In this sense, considering the possibilities of interactivity implies differentiating the widened, dispersed and pre-recorded consumption promoted by today’s media and digital technologies (i.e., the ability to download materials at will and the resulting freedom of choice regarding when, how, and where to watch content and react, chat, play, etc.) from the productive, innovative, and transcendent processes through which recipients can actually place themselves as broadcasters/producers of content, representing a distinct form of dialogue based on reflection and discussion (Orozco & al., 2012).
This latter context accommodates the concept of human agency introduced by Guiddens and cited by Muñoz and Muñoz (2008), which states that all individuals have the potential to self-manage their own existence, contributing to their socialization and finding of meaning in the living world through their own individual creativity and cultural production. Thus, human agency is a fundamental axis in the configuration of the cultural citizenship of different groups, including children and young people, whose presence results in being highly significant within cultural entities such as the mass media.
«Observar TV»1 was developed in 2008 in five public and private schools from upper, middle and lower socioeconomic levels in the city of Barranquilla and involved the participation of 80 fourth and fifth grade children of both gender2 aged between 7 and 11 years as well as 5 teachers, one from each school. Through participatory action research approach that employed qualitative techniques, three simultaneous components were implemented: research, training, and socialization.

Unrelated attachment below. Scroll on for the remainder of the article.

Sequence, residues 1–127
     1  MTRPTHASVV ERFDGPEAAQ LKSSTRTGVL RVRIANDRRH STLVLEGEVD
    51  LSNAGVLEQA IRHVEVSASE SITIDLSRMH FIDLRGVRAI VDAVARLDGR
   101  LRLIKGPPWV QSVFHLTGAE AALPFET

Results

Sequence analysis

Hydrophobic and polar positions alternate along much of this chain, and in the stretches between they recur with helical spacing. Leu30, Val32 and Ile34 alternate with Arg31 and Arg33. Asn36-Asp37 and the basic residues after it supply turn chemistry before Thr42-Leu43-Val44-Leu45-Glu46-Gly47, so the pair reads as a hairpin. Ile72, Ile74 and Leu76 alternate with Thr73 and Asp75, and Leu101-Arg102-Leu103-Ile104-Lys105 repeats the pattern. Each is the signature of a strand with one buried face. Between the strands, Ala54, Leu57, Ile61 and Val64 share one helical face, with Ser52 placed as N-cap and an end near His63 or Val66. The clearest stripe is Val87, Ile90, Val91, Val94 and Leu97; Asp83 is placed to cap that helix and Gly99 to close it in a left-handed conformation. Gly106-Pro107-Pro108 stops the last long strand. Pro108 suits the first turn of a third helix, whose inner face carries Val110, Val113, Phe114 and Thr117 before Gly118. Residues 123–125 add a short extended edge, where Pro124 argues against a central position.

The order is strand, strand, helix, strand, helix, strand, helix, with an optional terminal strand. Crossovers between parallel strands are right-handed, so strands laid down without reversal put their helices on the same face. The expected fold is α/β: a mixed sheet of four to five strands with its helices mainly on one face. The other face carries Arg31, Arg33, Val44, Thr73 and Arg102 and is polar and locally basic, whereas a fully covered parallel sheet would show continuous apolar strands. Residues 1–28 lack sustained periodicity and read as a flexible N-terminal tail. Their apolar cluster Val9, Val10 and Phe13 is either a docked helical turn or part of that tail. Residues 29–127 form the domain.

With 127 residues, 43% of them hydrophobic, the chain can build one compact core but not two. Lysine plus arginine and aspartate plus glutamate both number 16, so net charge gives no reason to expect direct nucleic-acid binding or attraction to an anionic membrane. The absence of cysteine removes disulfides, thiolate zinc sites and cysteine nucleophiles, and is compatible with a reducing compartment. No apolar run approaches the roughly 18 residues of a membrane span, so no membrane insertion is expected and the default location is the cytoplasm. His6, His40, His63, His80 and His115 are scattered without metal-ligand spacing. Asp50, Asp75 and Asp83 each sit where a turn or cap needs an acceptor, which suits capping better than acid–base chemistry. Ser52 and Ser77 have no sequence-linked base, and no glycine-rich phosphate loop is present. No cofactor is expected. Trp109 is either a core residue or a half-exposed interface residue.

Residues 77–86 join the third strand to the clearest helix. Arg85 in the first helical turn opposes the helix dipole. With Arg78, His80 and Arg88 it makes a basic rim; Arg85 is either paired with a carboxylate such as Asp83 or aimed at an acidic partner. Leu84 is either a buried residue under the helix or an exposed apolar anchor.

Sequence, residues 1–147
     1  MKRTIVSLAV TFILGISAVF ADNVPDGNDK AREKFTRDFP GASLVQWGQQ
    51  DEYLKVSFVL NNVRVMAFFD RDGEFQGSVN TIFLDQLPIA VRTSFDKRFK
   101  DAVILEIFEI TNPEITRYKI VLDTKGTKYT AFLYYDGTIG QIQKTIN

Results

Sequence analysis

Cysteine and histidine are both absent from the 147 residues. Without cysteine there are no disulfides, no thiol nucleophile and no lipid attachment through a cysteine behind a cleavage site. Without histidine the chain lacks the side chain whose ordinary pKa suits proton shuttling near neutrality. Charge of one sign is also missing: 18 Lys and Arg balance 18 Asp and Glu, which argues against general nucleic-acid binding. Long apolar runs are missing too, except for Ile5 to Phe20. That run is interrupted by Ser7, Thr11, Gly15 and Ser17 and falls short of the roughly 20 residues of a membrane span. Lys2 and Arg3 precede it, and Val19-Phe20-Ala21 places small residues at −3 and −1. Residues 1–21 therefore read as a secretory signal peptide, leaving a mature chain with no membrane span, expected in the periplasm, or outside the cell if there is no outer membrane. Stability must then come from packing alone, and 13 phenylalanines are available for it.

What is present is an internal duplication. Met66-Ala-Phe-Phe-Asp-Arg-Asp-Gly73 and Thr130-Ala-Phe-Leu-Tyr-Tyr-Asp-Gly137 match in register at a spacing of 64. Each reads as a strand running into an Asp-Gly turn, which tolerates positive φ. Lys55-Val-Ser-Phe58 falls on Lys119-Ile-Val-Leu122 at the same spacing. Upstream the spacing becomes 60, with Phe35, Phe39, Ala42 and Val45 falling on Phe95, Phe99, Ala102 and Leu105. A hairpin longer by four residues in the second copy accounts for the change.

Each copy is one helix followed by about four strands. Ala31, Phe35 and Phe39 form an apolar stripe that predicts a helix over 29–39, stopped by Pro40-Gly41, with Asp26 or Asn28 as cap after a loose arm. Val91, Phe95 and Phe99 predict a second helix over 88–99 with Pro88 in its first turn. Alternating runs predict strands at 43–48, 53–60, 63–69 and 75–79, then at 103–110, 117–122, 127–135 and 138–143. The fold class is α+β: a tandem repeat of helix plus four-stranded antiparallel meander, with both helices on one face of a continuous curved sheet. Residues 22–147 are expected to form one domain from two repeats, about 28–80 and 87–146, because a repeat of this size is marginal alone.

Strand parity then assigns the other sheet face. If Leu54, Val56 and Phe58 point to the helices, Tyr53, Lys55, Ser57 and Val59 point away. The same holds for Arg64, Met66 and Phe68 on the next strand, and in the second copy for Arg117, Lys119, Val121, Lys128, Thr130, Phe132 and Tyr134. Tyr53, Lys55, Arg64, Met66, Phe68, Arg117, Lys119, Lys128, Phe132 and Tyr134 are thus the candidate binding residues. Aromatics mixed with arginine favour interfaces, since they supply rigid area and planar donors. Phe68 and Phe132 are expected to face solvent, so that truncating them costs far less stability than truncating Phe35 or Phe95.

The research component first involved collecting, through focus groups, children’s opinions on television, specifically regarding quality and their preferences for consumption. To identify the children’s imagery concerning citizenship in the areas coexistence and peace, interculturality and democratic participation and responsibility, a baseline was established at the beginning of the process with a final evaluation carried out eight months later. The evaluation process was carried out using a memory reconstruction exercise known as «patchwork quilt». This technique involves participants drawing pictures in response to an inquiry about a particular life situation or an image based on that experience. According to Riaño (2000), this process allows researchers to go beyond simple opinions because it enables specific situations to be constructed and interpreted by individuals as well as collectively by the group.